A study from Taiwan (April 2011) highlights the surgeons’ experience using single incision thoracoscopic surgery (SITS) for the treatment of spontaneous pneumothorax. While the study is small – involving 30 patients, with just ten patients receiving treatment via single incision thoracoscopy, it’s a useful study in demonstrating that SITS is not only possible but feasible for uncomplicated thoracic procedures.
The major advantage of using this procedure in the spontaneous pneumothorax population is the low level of underlying thoracic disease, or co-morbidities necessitating conversion to VATS or open surgery. In general, true spontaneous pneumothoraces occur in younger patients (teens and twenties) in the absence of other conditions such as infection, emphysema or effusion. The benefits of using this procedure in such a young, mobile population is reduced pain, and a speedier recovery – and returning these patients to work/ life faster, with less post-operative limitations.
As the authors noted, a consistent obstacle to widespread adoption of this surgical technique is the lack of specialized surgical instruments. This has also plagued single incision laparoscopy to some extent, with several minor modifications being made by practicing surgeons to overcome these problems, primarily of positioning several instruments thru a single port*. This is more problematic in thoracic surgery than general surgery due to patient positioning. (In general surgery the patient is usually laying supine, allowing for a flat surface).
In thoracic surgery, the patient’s side lying positioning puts the operator at greater disadvantage, with gravity working against the surgeon. As mentioned in a previous post – there is a commercial port of multiple instruments available, however it is costly, unwieldly and requires larger incisions (making SITS more of a mini-thoracotomy). The other mechanical problem is the instruments themselves – when placed in a single incision, care has to be taken to prevent the instruments from obstructing the movements of each other. The authors were able to overcome this obstacle thru practice, but suggest needed modifications to existing instruments.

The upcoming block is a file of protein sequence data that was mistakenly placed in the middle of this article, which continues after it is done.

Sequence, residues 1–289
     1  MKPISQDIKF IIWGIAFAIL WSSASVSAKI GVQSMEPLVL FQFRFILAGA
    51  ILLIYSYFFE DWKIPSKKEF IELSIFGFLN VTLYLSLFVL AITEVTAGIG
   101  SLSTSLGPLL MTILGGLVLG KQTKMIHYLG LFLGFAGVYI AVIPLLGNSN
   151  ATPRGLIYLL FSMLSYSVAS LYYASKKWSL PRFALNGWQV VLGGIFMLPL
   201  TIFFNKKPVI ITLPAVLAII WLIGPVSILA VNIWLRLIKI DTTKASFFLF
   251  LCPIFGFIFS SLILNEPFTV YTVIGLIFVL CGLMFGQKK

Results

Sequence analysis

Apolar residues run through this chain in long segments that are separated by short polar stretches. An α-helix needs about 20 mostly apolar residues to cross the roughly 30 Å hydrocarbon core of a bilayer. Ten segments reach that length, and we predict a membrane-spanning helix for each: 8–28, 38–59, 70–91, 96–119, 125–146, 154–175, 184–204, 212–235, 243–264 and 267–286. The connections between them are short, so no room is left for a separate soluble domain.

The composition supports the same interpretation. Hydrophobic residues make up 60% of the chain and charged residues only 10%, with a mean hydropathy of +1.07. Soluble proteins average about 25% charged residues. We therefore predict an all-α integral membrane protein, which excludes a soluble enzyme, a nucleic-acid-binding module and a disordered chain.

Despite frequently cited concerns about visibility with this technique, in the article (and confirmed by my own observations in the operating room), properly done single incision thoracoscopy offers the same visibility as multi-port (VATS) thoracoscopy. (See the original article full text for photos of procedure illustrating visibility.)
More recently, (June 2011) Berlanga & Gigirey in Caceres, Spain reported the use of SITS for spontaneous pneumothorax in 13 patients. They reported similar findings, and came to the same conclusions as Chen et. al. However, these researchers used the commercially available port and reported satisfactory results.
There is a place for single incision thoracoscopy within thoracic surgery. However, it will take continued research to further delineate its role, and surgical innovation to adapt the current instrumentation for more effective and surgeon friendly use.